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Addressing Deep and Persistent Poverty: A Framework for Philanthropic Planning and Investment

Given the last decade of a deep and lingering economic downturn, mortgage failures, Wall Street scandals and scams that brought much misfortune to the otherwise fortunate, poverty is no longer a controversial topic that afflicts the few and shakes the policy corridors of Washington.  The new poverty, according to most experts, affects families and children, the hard to employ and many struggling families who face their at home kids’ college loan bills without the benefit of Jr.’s paycheck.

Perhaps now is a good “quiet and tranquil” time to study the issue of the less fortunate without the cacophony of stakeholder voices drowning out reason.  Perhaps now that Occupy this and that has all but disappeared, the issue of poverty can occupy the voices of reason …

To be sure, the JPB foundation and the Urban Institute have recently partnered to produce an intelligent overview and analytical tools for looking, not only at poverty, but at what they term “deep poverty.”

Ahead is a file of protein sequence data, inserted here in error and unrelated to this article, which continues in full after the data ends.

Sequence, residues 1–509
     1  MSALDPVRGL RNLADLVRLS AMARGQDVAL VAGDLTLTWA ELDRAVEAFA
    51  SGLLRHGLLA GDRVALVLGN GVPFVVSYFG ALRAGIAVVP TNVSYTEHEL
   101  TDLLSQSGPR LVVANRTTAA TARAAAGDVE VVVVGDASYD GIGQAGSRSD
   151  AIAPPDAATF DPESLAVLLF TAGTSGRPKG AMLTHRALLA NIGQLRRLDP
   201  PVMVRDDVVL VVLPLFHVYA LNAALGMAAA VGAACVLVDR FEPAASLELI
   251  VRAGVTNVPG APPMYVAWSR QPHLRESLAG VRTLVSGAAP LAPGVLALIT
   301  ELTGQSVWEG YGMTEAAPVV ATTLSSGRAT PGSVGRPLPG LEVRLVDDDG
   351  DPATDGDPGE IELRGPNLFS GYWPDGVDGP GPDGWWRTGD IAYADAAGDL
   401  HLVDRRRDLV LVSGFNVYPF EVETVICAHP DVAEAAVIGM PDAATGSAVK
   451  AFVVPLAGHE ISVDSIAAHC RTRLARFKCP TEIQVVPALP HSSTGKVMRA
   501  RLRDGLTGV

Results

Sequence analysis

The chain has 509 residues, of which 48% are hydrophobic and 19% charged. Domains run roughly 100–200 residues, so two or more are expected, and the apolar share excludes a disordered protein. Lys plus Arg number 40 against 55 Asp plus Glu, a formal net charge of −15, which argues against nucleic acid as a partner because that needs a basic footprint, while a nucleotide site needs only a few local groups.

The Policy ThinkShop provides you with the following link at an article to peruse the issue or the following downloadable report which will give you a deeper look at the deep poverty issue:

http://www.urban.org/UploadedPDF/412983-addressing-deep-poverty.pdf

“The JPB Foundation engaged the Urban Institute to provide background on the problem of deep and persistent poverty in the United States. This paper summarizes the history of US antipoverty policies, synthesizes existing knowledge about poverty and deep poverty, and presents a framework for understanding the complex and multi-faceted landscape of antipoverty efforts today. It also draws on interviews with over 30 experts, philanthropists, and thought leaders in the field to review and distill the most current thinking about promising strategies for tackling deep and persistent poverty. Drawing on these facts and insights, we present a series of questions and choices that any foundation wishing to invest in this area would be well-advised to consider.”

More via Addressing Deep and Persistent Poverty: A Framework for Philanthropic Planning and Investment.

Filed under: ACA and Medicaid, access to education, Blogosphere, Children and Poverty, Data Trends - American Demographics and Public Opinion, Demographic Change, Feminization of Poverty, Medicaid Expansion, News, Public Policy

The American Future is More Hispanic. How will that impact your career and business? The Policy ThinkShop keeps you informed … Hispanic Nativity Shift | Pew Research Center’s Hispanic Trends Project